The mental symptoms of the Sycotic nosode are almost identical with the Gartner symptoms, both similar to the drug picture of Lycopodium, they have the same fearful character and irritability with outbursts of bad humour.
Some Sycotic patients have definite symptoms of cerebral irritation, leading to convulsions or even attacks of epilepsy or St. Vitus dance.
In contradistinction to the weak, thin and undernourished Gartner child, the Sycotic child is generally fat and slack with typically increased nightly perspiration on the head (similar to the Calcarea carbonica); warty skin eruptions or typical impetigo are common with these patients; they are very liable to get rheumatism; their face is pale or pale yellowish with long dark eyelashes, a picture often met with in tubercular patients.
The Sycotic nosode is indicated in many chronic conditions in adult patients, provided there is a connection with intestinal disorders. The following case will illustrate this.
Mrs. R. R., 47 years of age, married at the age of 23 years, two healthy daughters, one miscarriage 13 years ago, since this time she was never well. At first she developed a general septic infection with erysipelas of the face and septic tonsillitis. After a couple of years the eyes became affected, then the thyroid gland; at the same time the gall bladder got infected and chronic constipation set in. The following operations were performed:.
1936. Operation of the thyroid gland.
1937. Two operations on the eyes and one abdominal operation (the right ovary was excised).
1938. Four other operations on the eyes.
1939. Operation of piles.
When I saw her first, one year ago, her main complaint was the chronic constipation, for the last ten years she had to take, every day, large doses of allopathic laxatives, she was unable to move the bowels without them. The tonsils were enlarged, reddened, covered with mucus, the lymphatic glands at the neck swollen; the tongue very dry and white coated. The whole abdomen swollen and very sensitive to the slightest pressure; the gall bladder very painful. The heart was normal, blood pressure 140.
I put the patient on a pure vegetarian diet with plenty of raw vegetables and green salads and replaced the allopathic laxatives by a daily enema with fresh cold water every evening before going to bed. I prescribed Baryta carbonica 6x, two tablets to be taken twice a day, alternating with Lycopodium 12x, five drops to be taken twice a day, and Sulphur 6x, ten drops to be taken before going to bed.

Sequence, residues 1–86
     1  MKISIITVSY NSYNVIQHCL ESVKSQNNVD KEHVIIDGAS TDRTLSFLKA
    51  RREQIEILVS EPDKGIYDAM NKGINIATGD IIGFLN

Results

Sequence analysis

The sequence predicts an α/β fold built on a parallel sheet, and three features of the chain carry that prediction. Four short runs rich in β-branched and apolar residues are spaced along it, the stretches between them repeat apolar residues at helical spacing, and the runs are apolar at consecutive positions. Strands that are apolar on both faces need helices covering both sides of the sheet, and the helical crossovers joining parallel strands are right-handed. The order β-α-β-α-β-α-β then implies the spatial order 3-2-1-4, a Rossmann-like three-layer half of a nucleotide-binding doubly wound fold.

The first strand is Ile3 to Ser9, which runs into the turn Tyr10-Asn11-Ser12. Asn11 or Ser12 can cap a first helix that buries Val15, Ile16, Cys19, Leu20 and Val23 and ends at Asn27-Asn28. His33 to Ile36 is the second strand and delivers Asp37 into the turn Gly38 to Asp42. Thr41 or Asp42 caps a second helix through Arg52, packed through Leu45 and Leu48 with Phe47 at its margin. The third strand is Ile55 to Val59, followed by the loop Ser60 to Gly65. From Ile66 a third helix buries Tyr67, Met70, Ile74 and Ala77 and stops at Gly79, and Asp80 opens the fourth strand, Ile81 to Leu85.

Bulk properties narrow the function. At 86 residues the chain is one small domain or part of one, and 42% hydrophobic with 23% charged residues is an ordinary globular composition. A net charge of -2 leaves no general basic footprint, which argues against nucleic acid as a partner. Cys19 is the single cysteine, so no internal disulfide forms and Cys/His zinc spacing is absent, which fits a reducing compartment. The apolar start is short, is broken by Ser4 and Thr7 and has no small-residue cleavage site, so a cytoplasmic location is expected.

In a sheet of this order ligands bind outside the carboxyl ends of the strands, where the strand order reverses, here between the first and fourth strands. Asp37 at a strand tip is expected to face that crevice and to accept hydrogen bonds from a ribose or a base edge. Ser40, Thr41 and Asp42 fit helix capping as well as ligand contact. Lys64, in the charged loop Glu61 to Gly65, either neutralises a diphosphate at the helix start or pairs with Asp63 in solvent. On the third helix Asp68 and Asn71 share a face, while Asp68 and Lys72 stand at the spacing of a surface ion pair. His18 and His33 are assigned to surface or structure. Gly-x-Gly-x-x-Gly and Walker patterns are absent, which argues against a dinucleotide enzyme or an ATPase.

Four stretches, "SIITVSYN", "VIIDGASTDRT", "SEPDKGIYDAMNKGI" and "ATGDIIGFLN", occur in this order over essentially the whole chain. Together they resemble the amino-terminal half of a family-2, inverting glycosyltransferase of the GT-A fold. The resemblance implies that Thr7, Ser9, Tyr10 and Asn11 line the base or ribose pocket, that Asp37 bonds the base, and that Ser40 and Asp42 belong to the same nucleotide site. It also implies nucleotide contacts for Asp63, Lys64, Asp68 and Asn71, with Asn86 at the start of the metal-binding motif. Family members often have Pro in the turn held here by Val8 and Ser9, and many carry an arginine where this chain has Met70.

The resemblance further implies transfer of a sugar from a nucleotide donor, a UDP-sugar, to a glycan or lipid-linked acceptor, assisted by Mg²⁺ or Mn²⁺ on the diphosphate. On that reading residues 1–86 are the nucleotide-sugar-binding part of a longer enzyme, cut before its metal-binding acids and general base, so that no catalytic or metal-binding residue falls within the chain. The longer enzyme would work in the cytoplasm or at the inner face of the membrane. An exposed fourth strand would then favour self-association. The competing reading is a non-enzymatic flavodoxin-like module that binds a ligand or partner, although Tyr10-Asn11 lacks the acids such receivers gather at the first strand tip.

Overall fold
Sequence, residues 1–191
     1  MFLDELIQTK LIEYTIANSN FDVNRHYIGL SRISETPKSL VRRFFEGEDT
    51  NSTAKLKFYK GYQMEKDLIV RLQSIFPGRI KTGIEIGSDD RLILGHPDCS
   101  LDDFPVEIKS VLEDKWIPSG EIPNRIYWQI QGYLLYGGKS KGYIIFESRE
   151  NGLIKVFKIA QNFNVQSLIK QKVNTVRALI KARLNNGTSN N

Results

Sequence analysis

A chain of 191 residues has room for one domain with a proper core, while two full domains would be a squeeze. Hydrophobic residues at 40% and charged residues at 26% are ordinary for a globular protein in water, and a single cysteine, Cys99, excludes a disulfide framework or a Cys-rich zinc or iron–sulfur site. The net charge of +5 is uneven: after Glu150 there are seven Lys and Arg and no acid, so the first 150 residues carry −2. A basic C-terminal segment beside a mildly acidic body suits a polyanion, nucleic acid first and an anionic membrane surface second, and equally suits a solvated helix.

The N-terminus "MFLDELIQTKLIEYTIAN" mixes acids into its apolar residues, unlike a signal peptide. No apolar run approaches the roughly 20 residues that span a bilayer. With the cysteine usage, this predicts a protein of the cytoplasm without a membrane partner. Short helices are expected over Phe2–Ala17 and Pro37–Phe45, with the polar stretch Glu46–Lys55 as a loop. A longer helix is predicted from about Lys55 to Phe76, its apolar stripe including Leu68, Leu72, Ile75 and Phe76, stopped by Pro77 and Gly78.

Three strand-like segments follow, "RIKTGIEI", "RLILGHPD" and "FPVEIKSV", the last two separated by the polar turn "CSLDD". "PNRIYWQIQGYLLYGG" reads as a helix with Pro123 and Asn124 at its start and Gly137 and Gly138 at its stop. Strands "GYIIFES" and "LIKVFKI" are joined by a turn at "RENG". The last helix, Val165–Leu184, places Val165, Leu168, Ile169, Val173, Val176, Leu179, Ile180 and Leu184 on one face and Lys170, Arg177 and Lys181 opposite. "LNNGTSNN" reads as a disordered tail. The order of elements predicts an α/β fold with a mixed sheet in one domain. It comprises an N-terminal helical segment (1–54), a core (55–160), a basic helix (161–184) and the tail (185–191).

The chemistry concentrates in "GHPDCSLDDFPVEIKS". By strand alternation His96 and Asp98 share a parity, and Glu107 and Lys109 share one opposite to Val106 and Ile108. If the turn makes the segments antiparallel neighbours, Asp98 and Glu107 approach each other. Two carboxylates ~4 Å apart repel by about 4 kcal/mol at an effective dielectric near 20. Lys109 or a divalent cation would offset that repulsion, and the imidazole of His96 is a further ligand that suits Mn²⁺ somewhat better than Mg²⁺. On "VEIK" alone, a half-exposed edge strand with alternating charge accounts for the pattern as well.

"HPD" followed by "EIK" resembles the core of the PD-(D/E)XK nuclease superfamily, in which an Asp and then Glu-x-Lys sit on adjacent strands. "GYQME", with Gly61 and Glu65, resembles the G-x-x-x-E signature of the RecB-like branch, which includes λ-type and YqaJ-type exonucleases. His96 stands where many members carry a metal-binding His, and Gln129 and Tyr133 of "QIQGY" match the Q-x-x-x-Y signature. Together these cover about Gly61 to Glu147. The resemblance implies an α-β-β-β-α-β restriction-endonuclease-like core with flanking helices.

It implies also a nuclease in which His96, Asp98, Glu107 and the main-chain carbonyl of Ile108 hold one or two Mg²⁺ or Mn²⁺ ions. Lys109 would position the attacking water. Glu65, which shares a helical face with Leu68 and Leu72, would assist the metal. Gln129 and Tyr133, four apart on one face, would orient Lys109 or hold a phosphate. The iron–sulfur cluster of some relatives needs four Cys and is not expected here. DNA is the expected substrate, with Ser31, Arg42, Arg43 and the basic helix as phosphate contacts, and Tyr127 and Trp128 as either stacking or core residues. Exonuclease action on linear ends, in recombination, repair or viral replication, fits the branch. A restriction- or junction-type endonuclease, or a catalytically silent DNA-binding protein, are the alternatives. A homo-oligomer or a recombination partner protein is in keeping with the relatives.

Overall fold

A slight improvement followed almost immediately, the general feeling was much better and the condition of the tonsils was definitely improved, but the bowel condition remained the same. I replaced Sulphur and Lycopodium by Bryonia 6x and Chelidonium 2x, ten drops to be taken alternately, three time times a day and prescribed the Orka suppositories, one suppository in the morning, one in the evening.
These drugs relieved the pains in the gall bladder and bowels, the condition of the tonsils and tongue improved, but the general condition of the patient remained almost the same, she was chilly, had every afternoon higher temperature and the action of the bowels did not improve a bit. Considering the chronic condition of the bowels, I prescribed B. sycosis 30, one dose every week. A surprising change took place in no time.
The patient felt so well as never before, all pains had gone after a fortnight, the function of the bowels improved gradually and the tonsils were in normal condition. I continued the treatment with Sycotic nosode during the following three months, giving the nosodes at greater intervals; the patient took nine doses in three months. The last dose four months ago.
The patient is without any pain, her bowels act freely, the abdomen is only a little sensitive to deep pressure, the gall bladder occasionally irritated. The only drugs which the patient still takes regularly are Chelidonium 1x, once a day and Phytolacca 3x to prevent a relapse of tonsillitis.
Vol. LXXVIII No. 932.